With its unvarnished and unedited reporting of the ground-shifting developments in Tunisia and Egypt, it created a template of change, a truly democratic and homegrown model, suggesting to the rest of the Muslim world they deserve better. That peaceful change is possible - without the intervention of our manipulative
Western friends or the cynical, diabolic extremism as championed by the likes of Osama Bin Laden.
As a student of media and someone who has avidly followed Al Jazeera's breathtaking journey, it's uplifting to see a little known television network, once identified as the mouthpiece of OBL, grow from strength to strength and take on the Goliaths of this world.
In a region where the media have long come to act as the hand maiden of governments and journalism has largely meant publishing and broadcasting of endless comings and goings of royalty, Al Jazeera came as a burst of fresh, life-giving air.
While rest of the pliant, media establishment obsessed over what is known as "protocol news", Al Jazeera, in the words of its boss Wadah Khanfar, looked for "the real actors. We have been guided by a firm belief that the future of the Arab world will be shaped by people from outside the aging elites and debilitated political structures featured so disproportionately by most other news outlets."
It kept its ear to the ground, listening to the drums beating in distance. This is why all those Western wonks and professional pundits failed to see the wave of change spearheaded by the Internet generation of young Arabs, dangerously aware of their democratic rights as well as the hopeless inadequacy of their elites, Al Jazeera saw the Arab revolt coming, as Khanfar so modestly claims.
It has exposed the shenanigans of both the corrupt, authoritarian regimes in the neighborhood and the terrorism and tyranny of big powers. From Palestine to Pakistan and from America to Australia, Al Jazeera has defied and demolished the lies and narrative of the empire. No wonder it constantly finds itself under attack from both brotherly Arab regimes and the bullies of the West.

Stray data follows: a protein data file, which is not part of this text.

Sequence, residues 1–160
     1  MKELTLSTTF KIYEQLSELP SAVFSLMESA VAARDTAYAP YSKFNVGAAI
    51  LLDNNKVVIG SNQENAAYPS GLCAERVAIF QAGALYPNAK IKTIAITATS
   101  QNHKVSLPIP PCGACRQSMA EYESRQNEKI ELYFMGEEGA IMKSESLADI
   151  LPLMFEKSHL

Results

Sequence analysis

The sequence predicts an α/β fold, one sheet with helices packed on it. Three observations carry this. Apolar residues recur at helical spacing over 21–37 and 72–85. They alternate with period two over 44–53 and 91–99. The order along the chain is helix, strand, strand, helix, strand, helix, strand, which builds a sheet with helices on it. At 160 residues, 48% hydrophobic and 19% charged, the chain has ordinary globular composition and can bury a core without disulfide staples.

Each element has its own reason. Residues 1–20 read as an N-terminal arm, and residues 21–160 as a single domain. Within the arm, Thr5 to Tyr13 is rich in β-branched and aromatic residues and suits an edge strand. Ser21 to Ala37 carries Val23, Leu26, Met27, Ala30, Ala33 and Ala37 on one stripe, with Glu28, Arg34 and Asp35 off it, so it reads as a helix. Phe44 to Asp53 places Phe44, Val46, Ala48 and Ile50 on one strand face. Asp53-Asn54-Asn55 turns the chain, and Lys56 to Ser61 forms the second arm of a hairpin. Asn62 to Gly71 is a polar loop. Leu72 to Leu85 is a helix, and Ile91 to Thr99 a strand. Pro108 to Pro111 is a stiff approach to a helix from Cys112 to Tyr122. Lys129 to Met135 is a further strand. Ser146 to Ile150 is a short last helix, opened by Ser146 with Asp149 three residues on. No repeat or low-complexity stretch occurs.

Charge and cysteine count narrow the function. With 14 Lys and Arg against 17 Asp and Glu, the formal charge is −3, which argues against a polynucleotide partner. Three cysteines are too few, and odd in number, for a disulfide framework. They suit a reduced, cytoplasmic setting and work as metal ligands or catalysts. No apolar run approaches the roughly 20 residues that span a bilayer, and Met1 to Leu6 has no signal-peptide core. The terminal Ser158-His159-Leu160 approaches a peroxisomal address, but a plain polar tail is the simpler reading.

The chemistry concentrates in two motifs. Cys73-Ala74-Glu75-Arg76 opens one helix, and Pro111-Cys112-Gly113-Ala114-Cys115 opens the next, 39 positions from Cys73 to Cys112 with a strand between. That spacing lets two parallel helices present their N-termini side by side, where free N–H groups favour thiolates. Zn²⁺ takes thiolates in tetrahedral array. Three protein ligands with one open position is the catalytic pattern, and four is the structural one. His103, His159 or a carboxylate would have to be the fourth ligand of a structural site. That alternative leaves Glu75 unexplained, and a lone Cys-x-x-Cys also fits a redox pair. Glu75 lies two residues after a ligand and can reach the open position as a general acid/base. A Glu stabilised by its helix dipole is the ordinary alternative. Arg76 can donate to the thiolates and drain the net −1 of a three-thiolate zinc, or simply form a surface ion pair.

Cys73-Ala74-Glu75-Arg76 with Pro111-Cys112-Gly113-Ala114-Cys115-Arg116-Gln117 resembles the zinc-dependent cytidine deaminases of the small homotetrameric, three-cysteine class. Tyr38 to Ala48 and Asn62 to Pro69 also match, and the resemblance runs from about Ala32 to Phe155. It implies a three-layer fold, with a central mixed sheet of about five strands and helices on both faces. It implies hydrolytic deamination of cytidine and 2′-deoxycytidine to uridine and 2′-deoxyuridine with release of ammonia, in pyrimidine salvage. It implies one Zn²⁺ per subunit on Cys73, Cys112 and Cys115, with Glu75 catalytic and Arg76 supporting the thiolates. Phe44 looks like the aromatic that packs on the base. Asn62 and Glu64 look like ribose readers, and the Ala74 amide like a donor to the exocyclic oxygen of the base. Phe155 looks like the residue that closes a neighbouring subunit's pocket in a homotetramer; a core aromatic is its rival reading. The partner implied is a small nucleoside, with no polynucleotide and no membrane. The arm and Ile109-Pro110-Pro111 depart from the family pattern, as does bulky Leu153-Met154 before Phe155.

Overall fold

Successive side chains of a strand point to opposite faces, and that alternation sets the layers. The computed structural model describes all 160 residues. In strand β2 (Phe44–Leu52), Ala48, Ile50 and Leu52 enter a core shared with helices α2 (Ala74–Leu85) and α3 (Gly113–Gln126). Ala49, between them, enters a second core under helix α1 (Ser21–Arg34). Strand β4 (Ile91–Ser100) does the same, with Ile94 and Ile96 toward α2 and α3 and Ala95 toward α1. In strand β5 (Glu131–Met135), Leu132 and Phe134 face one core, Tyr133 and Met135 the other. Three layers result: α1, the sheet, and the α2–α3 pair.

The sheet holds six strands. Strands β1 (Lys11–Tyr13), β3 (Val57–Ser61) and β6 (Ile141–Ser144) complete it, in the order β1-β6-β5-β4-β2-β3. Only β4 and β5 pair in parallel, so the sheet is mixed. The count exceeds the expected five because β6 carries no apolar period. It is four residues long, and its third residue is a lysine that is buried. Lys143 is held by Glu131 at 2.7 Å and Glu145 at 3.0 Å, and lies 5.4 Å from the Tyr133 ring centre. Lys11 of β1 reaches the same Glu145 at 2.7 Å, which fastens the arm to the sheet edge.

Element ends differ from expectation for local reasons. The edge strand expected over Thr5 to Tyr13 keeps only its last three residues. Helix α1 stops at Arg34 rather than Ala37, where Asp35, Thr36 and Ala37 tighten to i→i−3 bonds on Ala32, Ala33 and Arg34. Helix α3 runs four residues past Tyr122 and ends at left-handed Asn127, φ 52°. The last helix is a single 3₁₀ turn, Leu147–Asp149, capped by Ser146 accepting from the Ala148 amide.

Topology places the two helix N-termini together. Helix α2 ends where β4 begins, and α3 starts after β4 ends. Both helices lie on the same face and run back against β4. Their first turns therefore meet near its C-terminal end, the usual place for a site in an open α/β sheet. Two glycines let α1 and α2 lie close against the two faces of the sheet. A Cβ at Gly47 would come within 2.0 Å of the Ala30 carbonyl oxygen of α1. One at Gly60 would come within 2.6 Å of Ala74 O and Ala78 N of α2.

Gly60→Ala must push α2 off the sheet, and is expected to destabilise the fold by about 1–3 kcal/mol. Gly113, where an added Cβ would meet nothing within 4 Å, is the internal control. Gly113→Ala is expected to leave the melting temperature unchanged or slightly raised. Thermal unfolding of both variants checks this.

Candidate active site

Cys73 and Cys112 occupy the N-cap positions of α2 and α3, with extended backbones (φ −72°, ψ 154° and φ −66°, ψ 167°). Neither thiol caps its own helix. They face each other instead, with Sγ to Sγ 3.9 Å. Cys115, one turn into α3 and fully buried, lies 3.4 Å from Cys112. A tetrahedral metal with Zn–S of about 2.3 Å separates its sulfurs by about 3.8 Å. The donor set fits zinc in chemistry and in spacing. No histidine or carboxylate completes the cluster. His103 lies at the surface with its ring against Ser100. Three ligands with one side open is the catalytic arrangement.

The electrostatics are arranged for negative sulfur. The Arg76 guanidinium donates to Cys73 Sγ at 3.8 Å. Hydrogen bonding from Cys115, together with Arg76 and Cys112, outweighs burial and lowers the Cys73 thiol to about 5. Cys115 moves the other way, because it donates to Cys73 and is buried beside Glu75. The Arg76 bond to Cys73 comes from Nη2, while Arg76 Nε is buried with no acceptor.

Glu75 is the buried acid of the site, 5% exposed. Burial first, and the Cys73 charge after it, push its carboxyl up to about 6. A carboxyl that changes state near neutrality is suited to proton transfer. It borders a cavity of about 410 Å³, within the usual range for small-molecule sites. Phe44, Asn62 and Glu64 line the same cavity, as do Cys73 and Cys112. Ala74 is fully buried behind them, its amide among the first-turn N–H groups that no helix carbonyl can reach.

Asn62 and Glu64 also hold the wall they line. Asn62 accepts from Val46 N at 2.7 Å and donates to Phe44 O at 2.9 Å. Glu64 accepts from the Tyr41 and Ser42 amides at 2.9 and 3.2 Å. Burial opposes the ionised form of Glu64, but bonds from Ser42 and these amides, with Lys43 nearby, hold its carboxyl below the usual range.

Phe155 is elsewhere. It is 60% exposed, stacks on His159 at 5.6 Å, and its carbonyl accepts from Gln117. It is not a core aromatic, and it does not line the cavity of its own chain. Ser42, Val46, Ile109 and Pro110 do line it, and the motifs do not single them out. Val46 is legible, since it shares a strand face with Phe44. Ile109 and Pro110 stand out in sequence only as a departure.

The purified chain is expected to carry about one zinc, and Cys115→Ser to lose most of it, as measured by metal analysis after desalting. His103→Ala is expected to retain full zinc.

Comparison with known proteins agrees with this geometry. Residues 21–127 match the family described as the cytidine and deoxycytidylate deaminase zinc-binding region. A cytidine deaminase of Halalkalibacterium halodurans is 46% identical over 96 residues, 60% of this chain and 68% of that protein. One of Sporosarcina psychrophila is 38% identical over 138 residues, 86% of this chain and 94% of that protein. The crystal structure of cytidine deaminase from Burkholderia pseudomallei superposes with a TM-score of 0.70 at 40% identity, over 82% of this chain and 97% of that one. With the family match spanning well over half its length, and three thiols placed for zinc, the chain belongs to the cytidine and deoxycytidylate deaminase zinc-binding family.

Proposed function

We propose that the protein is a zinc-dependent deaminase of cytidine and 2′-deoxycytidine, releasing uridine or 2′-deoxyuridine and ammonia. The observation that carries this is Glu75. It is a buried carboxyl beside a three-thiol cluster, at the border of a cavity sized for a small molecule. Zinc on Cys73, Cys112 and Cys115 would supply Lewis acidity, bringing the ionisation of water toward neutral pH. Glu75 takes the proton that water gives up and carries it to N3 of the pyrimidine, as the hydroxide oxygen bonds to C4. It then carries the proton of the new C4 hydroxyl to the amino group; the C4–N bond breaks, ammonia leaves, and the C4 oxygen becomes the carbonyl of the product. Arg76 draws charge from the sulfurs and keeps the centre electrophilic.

While the Doha-based network has been repeatedly banned and harassed in numerous Arab countries, its journalists and offices have often found themselves in the line of fire, literally, of the Self-appointed champions of freedom and democracy. Amazingly, despite being funded by the Qatari government, a close ally of Uncle Sam, Al Jazeera has managed to jealously guard and maintain its independence so far. Which is how it should be.
By the way, why can't we have more Al Jazeeras out there? God knows we do need them more than ever. Instead of chasing those billion dollar mirages in the sand, why can't Arabs invest more in the media? Instead of crying all the time about Islamophobia and negative stereotyping of Arabs and Muslims in Western media and popular culture, why don't they do something concrete to address it?
Al Jazeera's success, especially that of Al Jazeera English, proves it's possible to make professionally credible attempts on this front. If a tiny emirate like Qatar can do it, surely big boys like Saudi Arabia, Egypt and Turkey could do it. Even if 5 percent of what many Muslim countries spend on the expensive junk sold by the West as arms was devoted to developing world class media, universities and research institutions, they wouldn't be stuck where they have been. For those who control the media will control the mind.
Aijaz Zaka Syed in Arab News. More Here.